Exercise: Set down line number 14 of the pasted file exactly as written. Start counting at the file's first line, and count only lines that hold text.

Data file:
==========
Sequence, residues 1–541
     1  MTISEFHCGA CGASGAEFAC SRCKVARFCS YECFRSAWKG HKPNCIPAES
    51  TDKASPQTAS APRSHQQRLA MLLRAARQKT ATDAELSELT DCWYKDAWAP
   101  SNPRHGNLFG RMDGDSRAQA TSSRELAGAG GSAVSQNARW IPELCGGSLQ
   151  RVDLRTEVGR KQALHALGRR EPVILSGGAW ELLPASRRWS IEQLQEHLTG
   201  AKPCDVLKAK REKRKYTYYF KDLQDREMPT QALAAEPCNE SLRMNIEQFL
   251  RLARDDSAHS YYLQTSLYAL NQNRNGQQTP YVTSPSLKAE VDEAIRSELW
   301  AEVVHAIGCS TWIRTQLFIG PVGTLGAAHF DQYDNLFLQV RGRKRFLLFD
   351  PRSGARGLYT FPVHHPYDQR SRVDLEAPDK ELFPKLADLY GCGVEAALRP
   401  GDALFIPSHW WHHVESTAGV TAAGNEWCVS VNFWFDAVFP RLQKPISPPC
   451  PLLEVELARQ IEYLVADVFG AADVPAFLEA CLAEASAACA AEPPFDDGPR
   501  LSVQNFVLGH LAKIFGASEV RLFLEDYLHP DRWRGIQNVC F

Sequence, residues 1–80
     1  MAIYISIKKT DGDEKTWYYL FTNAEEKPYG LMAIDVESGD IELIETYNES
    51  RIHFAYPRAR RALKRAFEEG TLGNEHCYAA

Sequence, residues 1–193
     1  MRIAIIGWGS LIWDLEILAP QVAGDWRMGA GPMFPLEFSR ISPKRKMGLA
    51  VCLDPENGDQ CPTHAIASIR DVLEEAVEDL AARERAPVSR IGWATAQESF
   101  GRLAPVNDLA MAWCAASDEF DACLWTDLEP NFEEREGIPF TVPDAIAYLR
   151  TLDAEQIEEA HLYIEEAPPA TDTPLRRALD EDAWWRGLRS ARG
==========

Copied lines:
     1  MAIYISIKKT DGDEKTWYYL FTNAEEKPYG LMAIDVESGD IELIETYNES